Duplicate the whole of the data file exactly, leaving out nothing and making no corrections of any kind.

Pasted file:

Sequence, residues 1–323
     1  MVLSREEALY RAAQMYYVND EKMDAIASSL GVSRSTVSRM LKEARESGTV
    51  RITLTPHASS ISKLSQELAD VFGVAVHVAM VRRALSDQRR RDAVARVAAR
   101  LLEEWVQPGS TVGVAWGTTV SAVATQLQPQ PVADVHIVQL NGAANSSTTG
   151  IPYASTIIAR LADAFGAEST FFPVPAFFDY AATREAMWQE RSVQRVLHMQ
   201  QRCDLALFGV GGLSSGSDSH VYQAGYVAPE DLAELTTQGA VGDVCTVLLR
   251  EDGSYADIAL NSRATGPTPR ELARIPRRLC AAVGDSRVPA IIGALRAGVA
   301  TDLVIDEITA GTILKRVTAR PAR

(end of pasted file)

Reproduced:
Sequence, residues 1–323
     1  MVLSREEALY RAAQMYYVND EKMDAIASSL GVSRSTVSRM LKEARESGTV
    51  RITLTPHASS ISKLSQELAD VFGVAVHVAM VRRALSDQRR RDAVARVAAR
   101  LLEEWVQPGS TVGVAWGTTV SAVATQLQPQ PVADVHIVQL NGAANSSTTG
   151  IPYASTIIAR LADAFGAEST FFPVPAFFDY AATREAMWQE RSVQRVLHMQ
   201  QRCDLALFGV GGLSSGSDSH VYQAGYVAPE DLAELTTQGA VGDVCTVLLR
   251  EDGSYADIAL NSRATGPTPR ELARIPRRLC AAVGDSRVPA IIGALRAGVA
   301  TDLVIDEITA GTILKRVTAR PAR